From the counting house to the modern office: Explaining Anglo-American productivity differences in services, 1870-1990
UNSPECIFIED (2002) From the counting house to the modern office: Explaining Anglo-American productivity differences in services, 1870-1990. JOURNAL OF ECONOMIC HISTORY, 62 (4). pp. 967-998. ISSN 0022-0507Full text not available from this repository.
The United States overtook Britain in comparative aggregate productivity levels primarily as a result of trends in services rather than trends in industry. This occurred during the transition from customized, low-volume, high-margin business organized on the basis of networks to standardized, high-volume, low-margin business with hierarchical management from the 1870s. This transformation from the counting house to the modem office was dependent on technologies that improved communications and information Processing. The technologies were slower to diffuse in Britain as a result of lower levels of education and stronger labor-force resistance to intensification.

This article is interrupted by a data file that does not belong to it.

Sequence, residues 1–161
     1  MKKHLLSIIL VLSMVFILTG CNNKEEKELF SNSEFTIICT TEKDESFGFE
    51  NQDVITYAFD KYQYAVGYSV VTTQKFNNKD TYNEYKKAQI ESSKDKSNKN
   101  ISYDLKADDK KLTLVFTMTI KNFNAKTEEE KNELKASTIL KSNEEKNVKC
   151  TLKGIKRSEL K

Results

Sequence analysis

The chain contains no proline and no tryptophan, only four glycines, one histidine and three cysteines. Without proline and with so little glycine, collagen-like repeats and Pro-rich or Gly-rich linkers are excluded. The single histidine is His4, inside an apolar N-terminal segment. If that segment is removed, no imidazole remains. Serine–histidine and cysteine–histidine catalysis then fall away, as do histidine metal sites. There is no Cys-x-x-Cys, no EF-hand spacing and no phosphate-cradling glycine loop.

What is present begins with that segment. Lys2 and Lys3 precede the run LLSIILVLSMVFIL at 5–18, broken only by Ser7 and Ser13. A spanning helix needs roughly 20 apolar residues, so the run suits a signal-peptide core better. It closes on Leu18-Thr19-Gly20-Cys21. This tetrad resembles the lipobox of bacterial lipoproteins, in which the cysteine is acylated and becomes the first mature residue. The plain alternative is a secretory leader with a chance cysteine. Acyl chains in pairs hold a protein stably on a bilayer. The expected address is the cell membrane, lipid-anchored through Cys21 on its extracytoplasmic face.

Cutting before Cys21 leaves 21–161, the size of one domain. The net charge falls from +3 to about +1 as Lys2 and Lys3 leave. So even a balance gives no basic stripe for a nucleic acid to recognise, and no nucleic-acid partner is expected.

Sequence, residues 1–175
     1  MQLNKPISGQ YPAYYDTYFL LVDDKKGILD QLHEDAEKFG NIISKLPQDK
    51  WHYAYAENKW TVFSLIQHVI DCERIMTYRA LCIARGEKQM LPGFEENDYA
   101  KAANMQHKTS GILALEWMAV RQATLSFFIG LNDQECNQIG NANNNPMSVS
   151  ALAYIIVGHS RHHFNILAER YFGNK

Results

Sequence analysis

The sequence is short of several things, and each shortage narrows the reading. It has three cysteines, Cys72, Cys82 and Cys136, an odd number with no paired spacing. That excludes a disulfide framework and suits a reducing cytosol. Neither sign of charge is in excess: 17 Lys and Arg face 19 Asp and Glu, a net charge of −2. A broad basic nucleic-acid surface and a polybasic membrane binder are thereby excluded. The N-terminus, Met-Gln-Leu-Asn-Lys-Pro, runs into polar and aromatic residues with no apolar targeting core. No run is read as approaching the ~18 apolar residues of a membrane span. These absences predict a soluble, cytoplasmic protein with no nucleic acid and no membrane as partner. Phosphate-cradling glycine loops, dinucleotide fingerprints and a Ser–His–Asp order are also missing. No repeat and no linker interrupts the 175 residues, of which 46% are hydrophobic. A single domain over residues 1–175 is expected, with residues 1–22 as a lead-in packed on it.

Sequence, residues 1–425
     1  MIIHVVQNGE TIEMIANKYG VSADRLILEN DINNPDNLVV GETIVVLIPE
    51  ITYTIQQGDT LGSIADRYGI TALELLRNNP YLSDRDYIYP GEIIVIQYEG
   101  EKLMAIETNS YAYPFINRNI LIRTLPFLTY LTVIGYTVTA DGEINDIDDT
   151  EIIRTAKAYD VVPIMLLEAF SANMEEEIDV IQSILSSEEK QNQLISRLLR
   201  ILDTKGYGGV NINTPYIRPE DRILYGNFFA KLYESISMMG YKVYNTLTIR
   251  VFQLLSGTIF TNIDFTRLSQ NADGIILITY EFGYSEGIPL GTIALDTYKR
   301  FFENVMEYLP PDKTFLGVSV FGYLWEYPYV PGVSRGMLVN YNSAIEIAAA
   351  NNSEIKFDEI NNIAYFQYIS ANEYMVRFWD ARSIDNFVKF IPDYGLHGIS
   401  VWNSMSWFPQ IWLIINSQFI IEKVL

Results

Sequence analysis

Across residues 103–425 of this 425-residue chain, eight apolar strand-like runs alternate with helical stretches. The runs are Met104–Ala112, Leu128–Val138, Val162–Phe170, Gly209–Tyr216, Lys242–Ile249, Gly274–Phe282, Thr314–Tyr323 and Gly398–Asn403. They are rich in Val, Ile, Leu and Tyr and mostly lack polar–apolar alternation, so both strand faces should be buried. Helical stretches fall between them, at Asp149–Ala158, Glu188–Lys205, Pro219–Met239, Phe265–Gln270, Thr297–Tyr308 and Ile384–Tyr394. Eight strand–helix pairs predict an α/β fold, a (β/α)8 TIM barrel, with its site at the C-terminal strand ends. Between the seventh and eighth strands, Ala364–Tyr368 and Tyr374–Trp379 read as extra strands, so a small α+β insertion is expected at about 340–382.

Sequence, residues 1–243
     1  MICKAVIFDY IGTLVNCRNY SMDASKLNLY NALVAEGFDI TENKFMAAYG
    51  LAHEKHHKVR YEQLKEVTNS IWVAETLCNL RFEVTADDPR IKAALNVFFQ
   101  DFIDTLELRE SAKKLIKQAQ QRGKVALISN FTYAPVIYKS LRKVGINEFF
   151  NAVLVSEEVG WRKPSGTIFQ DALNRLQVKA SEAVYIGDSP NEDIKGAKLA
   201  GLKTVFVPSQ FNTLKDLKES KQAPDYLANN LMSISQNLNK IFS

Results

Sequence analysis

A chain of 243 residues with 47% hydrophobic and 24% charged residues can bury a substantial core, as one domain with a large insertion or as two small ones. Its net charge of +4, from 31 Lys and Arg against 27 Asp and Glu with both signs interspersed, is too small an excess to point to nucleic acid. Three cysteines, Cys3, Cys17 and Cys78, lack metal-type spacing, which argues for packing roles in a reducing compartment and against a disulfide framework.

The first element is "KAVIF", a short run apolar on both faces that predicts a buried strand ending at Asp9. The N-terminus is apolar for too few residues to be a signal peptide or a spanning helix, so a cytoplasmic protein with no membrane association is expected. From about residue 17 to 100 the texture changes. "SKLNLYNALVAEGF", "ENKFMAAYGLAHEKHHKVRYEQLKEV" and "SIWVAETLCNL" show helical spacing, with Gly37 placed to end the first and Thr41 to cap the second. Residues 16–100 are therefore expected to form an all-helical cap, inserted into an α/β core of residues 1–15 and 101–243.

|Item Type:||Journal Item|
|Subjects:||H Social Sciences > HC Economic History and Conditions
D History General and Old World
H Social Sciences
|Journal or Publication Title:||JOURNAL OF ECONOMIC HISTORY|
|Publisher:||CAMBRIDGE UNIV PRESS|
|Official Date:||December 2002|
|Number of Pages:||32|
|Page Range:||pp. 967-998|
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